4 out of 5 stars

If you’ve ever been involved in a road rage incident, you’ve likely wondered ‘What’s going on in their life to make them so angry?’ Most of us move on from these brief encounters, but in Netflix’s Beef this question is the launching point for a tensely constructed two-handler between Ali Wong and Steven Yeun, whose characters almost literally crash into each other in a parking lot, and continue to move through each other’s lives with similar velocity.

An incident that initially seems like an everyday occurrence soon develops into a sprawling cat-and-mouse game that brings both characters to rock bottom and back several times, crescendoing in an intense finale that verges on a fever dream. But between that first burst of irrational anger and the insanity we arrive at, there’s a complex story about the nature of anger and what lies beneath it.

Created by Lee Sung Jin, Beef is something of a return and departure for both Wong and Yeun. It repeats themes and questions that have shaped their careers already, but also challenging characters to embody, in a series that rarely slows down once the pair starts their increasingly diabolical downward spiral.

Ali Wong plays Amy Lau, a wealthy business owner on the brink of selling her high-end houseplant business, who’s hoping to cash out and spend more time with her family. Or so she says. Steven Yuen portrays Danny Cho, a down-on-his-luck contractor desperately trying to hold his family together and scrape together enough for a plot of land on which to build a home for his ageing parents.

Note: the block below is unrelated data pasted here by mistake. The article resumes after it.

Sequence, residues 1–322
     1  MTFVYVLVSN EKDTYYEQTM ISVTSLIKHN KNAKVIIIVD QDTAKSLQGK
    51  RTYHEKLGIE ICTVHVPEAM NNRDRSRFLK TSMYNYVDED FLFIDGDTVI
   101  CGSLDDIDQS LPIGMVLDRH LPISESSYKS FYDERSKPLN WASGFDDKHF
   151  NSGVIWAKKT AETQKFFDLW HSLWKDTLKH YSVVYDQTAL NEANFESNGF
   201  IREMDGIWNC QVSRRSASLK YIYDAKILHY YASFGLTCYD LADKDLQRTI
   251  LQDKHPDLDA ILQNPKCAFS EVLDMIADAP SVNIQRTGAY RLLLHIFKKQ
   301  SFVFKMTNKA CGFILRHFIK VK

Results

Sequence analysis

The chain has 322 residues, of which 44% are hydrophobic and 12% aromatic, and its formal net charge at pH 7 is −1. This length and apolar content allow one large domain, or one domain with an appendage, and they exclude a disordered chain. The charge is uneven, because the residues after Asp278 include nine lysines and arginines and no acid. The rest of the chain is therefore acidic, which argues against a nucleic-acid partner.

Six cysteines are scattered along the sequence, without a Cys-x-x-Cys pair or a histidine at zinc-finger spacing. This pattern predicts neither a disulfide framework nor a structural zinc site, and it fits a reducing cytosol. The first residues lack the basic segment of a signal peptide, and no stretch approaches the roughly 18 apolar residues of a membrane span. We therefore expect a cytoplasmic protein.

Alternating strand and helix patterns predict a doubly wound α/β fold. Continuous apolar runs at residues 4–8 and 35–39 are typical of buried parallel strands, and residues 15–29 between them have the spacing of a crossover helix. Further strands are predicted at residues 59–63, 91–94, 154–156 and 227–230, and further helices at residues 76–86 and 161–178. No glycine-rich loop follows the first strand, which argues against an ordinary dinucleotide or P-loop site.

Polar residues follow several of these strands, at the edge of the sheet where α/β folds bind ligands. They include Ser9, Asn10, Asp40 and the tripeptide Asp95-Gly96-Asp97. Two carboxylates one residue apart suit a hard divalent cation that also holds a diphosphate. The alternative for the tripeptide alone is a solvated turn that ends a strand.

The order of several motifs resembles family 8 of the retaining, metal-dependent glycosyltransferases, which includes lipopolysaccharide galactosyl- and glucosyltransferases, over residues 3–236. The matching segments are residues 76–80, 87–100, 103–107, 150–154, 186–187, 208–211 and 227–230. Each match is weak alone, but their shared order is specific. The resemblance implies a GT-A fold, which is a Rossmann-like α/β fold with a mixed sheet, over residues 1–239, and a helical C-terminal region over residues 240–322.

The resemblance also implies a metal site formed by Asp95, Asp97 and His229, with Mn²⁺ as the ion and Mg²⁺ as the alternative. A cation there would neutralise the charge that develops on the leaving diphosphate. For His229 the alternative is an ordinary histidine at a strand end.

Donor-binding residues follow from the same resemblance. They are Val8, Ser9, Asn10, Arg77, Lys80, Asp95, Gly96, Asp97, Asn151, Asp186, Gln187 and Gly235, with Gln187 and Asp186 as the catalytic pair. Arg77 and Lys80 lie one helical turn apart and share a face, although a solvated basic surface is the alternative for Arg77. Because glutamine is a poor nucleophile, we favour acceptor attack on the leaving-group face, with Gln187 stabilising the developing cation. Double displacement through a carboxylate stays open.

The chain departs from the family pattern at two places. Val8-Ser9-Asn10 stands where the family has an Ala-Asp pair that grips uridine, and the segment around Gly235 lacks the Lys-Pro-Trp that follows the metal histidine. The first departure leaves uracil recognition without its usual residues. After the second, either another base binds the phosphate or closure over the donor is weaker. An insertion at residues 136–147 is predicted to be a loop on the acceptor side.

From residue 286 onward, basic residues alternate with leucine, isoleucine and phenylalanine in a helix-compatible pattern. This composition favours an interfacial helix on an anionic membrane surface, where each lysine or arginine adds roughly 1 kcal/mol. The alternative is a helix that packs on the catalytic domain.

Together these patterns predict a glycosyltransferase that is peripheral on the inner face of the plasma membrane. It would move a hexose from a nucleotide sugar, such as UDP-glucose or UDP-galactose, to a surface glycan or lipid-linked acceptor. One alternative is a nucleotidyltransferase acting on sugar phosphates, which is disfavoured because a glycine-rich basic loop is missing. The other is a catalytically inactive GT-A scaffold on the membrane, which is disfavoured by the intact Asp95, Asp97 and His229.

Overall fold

Though comedian Wong is a newcomer to acting, she’s always been a sharp and natural performer in her stand-up and those skills transfer well to Beef. It helps, of course, that many aspects of her character are eerily reminiscent of her own life, but she rises to the occasion and makes an excellent foil to Yuen’s Danny. The show begins as a sly drama but leans more into absurdity and the realm of black comedy as it progresses, which allows Wong to really shine.

Not surprisingly, Yuen gives an excellent performance. Now years removed from his breakthrough role in AMC’s The Walking Dead, he’s given some arresting performances since (like an Academy Award-nominated turn in Minari), and his ability to convey pathos and anguish brings audiences into his world and into the pain he feels making it hard to root against him, even as he does despicable things in the name of getting even. Since this is as much a story about class as anything else, the stakes of Danny’s world feel slightly more consequential, at least at first. The strain of barely getting by and being on the brink of financial ruin feels more sympathetic than the situation we meet Amy in, as she’s about to sell her company Kōyōhaus for $10M! Amy seemingly has it all, and it takes several episodes for us to see these two on a more equal footing.